FinTech in Focus
The Rise and Fall — or Just Fall — of CurrentC
A retail consortium’s effort to launch a mobile payment system in a bid to outdo Apple Pay and other mobile payment systems, as well as bypass processing fees charged by Visa and MasterCard has come to an abrupt halt. Merchant Customer Exchange, the developer behind the CurrentC payment application, announced that it would layoff 30 employees and postpone the nationwide rollout of its service. We’ve been following the consortium’s difficulty in moving forward with its own payment system, especially given recent efforts by some retailers within the group to create their own payment services and/or allow Apple Pay and Samsung Pay to be used in their stores. One of those retailers, Walmart, has announced that it will launch Walmart Pay in Texas and Arkansas with a nationwide rollout expected in the near future.
Keep an Eye Out For
A few reports to watch for in the coming months:
First, the U.S. Government Accountability Office is expected to publish reports covering the financial regulatory landscape in the U.S., an issue we’ve touched on in the past as it relates to FinTech. The GAO is also taking a look at whether the Federal Deposit Insurance Corp. and the Office of the Comptroller of the Currency "have fallen victim to 'regulatory capture,'" and "whether the Federal Reserve's role in payments systems presents a conflict of interest." Adding to the GAO's to-do list, a request from three Democratic senators "seeking to better understand regulations and ongoing efforts at the state and federal levels related to mobile payments" and, according to Politico Pro, a request from House Republican Chief Deputy Whip Patrick McHenry, nine other House Republicans and one House Democrat, to understand the challenges and opportunities financial firms and FinTech companies face with the existing regulatory structure and in what ways regulators can “better streamline the process” for fintech and financial firms to collaborate.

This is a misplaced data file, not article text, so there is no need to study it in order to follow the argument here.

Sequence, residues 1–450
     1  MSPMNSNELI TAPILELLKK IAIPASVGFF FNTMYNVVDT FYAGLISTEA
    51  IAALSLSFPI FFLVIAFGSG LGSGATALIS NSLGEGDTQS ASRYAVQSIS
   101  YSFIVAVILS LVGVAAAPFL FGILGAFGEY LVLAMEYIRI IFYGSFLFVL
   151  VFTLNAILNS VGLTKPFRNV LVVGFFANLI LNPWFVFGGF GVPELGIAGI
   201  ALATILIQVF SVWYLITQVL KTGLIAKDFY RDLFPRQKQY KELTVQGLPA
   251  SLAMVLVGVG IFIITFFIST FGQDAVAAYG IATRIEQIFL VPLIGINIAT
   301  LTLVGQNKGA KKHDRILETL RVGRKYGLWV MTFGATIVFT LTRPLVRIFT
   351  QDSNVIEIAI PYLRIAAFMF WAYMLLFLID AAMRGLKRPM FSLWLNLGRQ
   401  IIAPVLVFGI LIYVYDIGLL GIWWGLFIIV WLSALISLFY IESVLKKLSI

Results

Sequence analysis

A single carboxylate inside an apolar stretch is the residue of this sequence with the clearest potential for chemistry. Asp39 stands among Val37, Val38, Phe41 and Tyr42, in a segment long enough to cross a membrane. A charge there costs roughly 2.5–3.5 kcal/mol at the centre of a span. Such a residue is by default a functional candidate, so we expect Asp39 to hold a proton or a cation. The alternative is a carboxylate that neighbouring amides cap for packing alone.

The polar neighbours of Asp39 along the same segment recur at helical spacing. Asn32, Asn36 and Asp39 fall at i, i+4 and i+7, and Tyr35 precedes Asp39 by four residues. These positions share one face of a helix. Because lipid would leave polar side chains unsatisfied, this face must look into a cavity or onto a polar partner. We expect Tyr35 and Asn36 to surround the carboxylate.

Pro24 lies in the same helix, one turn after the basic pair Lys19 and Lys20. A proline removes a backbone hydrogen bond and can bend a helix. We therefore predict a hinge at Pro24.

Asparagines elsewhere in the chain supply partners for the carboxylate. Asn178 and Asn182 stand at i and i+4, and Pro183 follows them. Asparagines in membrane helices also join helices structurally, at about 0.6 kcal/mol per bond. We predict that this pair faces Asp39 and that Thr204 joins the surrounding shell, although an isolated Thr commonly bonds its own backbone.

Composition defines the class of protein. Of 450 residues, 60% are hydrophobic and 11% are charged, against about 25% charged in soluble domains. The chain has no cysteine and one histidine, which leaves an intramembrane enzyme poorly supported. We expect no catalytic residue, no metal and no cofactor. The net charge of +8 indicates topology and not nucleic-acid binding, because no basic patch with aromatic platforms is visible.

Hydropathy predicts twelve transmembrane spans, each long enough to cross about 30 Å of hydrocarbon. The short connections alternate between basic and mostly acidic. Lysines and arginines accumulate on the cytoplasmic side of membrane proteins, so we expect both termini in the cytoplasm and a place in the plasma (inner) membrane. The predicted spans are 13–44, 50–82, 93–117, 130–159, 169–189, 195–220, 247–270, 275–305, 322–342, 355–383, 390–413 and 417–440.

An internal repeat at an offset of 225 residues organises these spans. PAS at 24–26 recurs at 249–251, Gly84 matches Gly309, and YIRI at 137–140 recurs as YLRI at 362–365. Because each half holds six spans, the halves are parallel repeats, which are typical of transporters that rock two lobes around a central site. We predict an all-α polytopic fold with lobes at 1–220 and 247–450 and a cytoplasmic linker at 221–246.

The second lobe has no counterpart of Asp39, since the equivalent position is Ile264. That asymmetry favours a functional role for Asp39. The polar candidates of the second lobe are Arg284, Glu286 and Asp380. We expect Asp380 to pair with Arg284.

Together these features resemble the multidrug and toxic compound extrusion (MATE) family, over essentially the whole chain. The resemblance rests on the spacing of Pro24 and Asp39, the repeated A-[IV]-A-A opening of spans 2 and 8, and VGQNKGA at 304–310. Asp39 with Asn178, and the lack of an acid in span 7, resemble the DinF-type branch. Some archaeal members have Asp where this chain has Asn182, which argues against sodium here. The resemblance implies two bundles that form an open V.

Second, while I still haven’t recovered from Canada beating Team USA this weekend at the Ice Hockey World Championship in Russia, our northern neighbors are launching a FinTech market study which will explore how innovation "is affecting the way consumers and businesses use financial products and services," and, among other things, "whether there is a need for regulatory reform to promote greater competition while maintaining consumer confidence" in the financial services sector, according to a press release from the Competition Bureau.
Lastly, the Australian Securities and Investment Commission is expected to release its “regulatory sandbox” proposal in June. According to Commissioner Cathie Armour, "We are going to issue a public consultation on some potential adjustments to the regulatory framework which might be of particular help to fintech businesses. They'll obviously have regulations imposed on them but, potentially, for a limited period of time, some aspects of regulation will not be imposed just to allow experimentation."
Even in Turbulent Times, Marketplace Lenders Can Shine
In possibly the most turbulent time for online lenders, beyond the U.S. Securities and Exchange Commission’s crackdown on Lending Club and Prosper nearly a decade ago, Avant announced that it would let go of roughly 7 percent of its workforce, ditch plans to expand its product offerings, and put the brakes on efforts to expand its business to Australia, all in an effort to continue to achieve profitability. The cull comes nearly two weeks after Prosper announced layoffs totaling nearly 30 percent of its workforce. Meanwhile, Lending Club has sought help from investment banking firm Jefferies to find investors interested in purchasing loans.